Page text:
# Scaling of quantum error correction

I'm having a question regarding quantum error correction.

Using a large number of imperfect (but already very good) quantum gates, it is in theory possible to build an equivalent, error-corrected gate. What I don't understand, however, is how it precisely scales when I want to do computation using algorithms with a large input space.

To give a precise question:

Let's say I can create many individual CNOT gates with an individual probability of success of $\eta=99.99\%$. How many of them do I need to implement Shor's algorithm to factor a $1024$ bits integer with an overall probability of success of $50\%.$ ?

Once I reach the point where I can build a single error-corrected gate between two qubits, have I won the fight against decoherence or will it just be harder and harder to correct the errors as the input space scales up ?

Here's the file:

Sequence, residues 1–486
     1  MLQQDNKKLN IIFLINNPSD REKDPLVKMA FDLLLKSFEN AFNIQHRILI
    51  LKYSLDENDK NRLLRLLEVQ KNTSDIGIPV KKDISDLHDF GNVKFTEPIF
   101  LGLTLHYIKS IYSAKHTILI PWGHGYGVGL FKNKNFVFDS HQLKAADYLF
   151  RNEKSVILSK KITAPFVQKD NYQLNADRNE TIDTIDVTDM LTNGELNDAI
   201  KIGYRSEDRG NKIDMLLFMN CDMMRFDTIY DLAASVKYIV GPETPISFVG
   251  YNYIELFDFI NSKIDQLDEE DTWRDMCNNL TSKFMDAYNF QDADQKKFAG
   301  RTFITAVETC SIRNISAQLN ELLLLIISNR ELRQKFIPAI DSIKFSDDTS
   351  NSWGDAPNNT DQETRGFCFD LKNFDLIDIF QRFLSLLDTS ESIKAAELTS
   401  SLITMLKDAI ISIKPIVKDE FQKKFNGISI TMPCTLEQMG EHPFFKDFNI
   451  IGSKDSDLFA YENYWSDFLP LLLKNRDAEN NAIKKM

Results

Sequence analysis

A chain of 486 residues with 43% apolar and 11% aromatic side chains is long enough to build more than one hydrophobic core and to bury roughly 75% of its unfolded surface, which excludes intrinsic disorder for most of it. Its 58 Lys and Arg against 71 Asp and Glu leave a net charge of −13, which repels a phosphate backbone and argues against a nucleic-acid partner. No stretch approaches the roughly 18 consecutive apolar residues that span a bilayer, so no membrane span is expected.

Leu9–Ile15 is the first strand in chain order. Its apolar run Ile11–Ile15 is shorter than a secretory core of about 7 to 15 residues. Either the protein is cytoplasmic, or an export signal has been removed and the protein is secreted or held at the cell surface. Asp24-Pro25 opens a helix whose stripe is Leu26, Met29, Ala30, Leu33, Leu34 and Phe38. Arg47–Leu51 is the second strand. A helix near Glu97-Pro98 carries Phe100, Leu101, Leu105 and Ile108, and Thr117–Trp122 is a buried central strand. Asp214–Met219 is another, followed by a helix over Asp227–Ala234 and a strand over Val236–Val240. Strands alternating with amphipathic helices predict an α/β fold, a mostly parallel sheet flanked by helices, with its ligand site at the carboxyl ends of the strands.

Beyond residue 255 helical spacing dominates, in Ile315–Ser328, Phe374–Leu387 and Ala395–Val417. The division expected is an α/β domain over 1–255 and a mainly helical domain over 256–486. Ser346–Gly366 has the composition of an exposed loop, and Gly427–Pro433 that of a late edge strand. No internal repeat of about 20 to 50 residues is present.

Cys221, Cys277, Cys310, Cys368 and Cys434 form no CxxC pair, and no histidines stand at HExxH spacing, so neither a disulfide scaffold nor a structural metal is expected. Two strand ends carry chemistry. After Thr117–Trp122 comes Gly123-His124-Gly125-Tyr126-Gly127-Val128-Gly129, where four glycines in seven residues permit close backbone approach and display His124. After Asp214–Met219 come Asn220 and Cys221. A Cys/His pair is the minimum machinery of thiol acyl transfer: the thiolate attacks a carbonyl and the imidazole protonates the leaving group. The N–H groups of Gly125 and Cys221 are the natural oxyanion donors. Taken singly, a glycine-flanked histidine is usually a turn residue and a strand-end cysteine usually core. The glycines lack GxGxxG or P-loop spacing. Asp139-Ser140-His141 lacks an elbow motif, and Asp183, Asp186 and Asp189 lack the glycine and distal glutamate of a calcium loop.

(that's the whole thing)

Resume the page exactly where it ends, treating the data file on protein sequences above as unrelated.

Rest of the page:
Thanks.

The threshold theorem states that if you can perform gates with error rates below the threshold value, then you can do arbitrarily long quantum computations with overhead that is polynomial in the log of the length of the computation. The overhead is the ratio between the actual number of gates in the computation protected by fault-tolerance (the "physical" gates) and the number of gates that would be in the ideal computation you want to do (the "logical" gates). I.e., if you want to do a computation with T logical gates with overall error rate $\epsilon$, you need a total of $C T (\log (T/\epsilon))^n$ physical gates for some constants $C$ and $n$. (The constants depend on the details of the fault-tolerant protocol.)